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i have been reading about how Copper weight/thickness is important in several areas of PCB design. The thickness and width of a trace determines the amount of current (amps) the trace can carry. The thickness is also used in the calculation of trace impedance (ohms) in RF and high speed digital circuits however i have yet to find numbers or at least a simple chart that explains the amount of current per copper weight ( kind of like the 40mils per amp rule)

For example how much more current can my 40mils track carry at 1 oz vs 6 oz copper weight?

also, i have yet to se a track burn itself down by the excess current, i have been using the 40mils rule always, how can i be sure o make my pcb safe enough to carry up to 8 amps without using 320mils tracks? (lets assume im limited to 200mils)

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    \$\begingroup\$ The weight increases the height of the copper linearly. If you really can find 6 oz PCB's, they can carry 6x more amps than 1 oz. I don't have any experience with currents over 2A, and I have never used a board with > 1 oz coppery. In addition to self-heating, you might need to consider voltage drop and power loss if it is a low voltage. For example, if it is a 1V supply for CPU core, you might run into practical voltage drop limits before you run into problems caused by trace heating. \$\endgroup\$ – mkeith Dec 22 '14 at 23:27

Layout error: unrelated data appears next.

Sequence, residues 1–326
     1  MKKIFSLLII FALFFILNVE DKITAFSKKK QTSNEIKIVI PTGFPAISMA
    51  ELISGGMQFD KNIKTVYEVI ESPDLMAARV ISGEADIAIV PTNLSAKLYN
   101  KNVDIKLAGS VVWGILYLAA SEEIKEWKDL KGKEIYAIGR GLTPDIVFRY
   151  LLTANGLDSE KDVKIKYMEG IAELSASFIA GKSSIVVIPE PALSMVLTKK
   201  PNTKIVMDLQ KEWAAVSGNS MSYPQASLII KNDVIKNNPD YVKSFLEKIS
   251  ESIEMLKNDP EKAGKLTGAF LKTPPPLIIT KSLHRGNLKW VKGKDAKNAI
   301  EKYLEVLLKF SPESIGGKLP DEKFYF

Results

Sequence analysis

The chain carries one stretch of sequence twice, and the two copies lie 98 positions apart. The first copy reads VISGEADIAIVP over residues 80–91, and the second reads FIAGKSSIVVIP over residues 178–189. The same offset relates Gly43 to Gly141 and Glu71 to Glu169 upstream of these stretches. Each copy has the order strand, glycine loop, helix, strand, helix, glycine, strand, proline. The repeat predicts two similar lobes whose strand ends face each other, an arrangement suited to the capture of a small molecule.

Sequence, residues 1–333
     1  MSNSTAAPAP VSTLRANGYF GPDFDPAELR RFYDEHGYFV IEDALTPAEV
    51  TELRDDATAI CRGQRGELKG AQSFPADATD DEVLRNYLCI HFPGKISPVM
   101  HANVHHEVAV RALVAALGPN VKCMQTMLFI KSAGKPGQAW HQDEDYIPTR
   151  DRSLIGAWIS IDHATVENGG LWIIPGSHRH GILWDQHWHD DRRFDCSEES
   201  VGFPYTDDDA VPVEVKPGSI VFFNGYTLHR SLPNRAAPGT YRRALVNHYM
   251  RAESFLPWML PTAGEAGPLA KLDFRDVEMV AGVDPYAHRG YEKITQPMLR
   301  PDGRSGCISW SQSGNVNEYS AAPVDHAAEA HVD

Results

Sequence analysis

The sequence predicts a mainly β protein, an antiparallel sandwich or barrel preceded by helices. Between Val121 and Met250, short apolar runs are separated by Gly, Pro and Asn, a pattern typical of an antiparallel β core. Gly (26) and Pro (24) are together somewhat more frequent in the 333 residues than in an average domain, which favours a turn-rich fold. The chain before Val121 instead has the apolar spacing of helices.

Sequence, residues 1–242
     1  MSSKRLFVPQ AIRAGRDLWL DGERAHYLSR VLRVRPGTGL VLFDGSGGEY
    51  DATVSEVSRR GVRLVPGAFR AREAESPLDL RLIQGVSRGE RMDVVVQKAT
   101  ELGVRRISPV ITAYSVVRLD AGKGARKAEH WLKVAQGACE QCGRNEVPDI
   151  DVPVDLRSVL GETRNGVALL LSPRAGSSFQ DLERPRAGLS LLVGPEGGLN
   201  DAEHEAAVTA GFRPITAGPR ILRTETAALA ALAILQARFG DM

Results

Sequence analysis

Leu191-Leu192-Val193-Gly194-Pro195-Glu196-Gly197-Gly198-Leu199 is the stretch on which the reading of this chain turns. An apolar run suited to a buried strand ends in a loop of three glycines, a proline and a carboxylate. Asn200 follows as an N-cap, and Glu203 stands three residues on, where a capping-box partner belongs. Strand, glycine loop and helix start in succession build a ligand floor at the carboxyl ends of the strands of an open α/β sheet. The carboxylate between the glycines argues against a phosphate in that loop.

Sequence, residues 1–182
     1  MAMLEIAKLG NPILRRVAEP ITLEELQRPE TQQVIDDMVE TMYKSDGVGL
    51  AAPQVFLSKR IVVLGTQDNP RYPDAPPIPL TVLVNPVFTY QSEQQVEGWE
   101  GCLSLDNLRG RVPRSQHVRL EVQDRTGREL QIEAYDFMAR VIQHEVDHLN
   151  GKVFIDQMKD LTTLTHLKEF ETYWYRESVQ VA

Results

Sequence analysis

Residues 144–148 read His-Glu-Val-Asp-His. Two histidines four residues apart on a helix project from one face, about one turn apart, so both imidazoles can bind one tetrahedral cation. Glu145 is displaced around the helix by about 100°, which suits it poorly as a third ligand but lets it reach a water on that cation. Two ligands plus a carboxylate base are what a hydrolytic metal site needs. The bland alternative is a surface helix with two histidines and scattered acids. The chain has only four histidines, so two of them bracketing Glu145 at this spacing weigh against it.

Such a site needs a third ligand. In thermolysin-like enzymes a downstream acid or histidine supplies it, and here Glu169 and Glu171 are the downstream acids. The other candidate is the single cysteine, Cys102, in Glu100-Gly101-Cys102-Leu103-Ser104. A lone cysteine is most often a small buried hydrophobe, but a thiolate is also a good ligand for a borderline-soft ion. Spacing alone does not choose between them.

• \$\begingroup\$ Play with this circuitcalculator.com/wordpress/2006/01/31/… or this circuitcalculator.com/wordpress/2006/01/24/… to name some... \$\endgroup\$ – GR Tech Dec 23 '14 at 8:36
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I always use this website to calculate current carrying capacity.

http://skottanselektronik.com/

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I can't speak to your specific requirements but I can say that I designed a board with 8 mil traces that carried VCC @ 12V. While testing the board I accidentally shorted the trace to ground and had the board delaminate - literally the traces turned black and burned off the board. It took a while to figure out what on earth was going on because as soon as a small bit burned it acted as a fuse.

So, that's what happens when too much current goes through a trace - it melts.

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